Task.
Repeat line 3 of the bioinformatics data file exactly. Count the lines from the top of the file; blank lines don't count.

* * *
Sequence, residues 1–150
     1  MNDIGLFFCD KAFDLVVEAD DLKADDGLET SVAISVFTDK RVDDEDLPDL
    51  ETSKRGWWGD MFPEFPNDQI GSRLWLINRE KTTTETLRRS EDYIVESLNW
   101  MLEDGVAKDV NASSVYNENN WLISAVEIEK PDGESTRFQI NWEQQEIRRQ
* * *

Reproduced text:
    51  ETSKRGWWGD MFPEFPNDQI GSRLWLINRE KTTTETLRRS EDYIVESLNW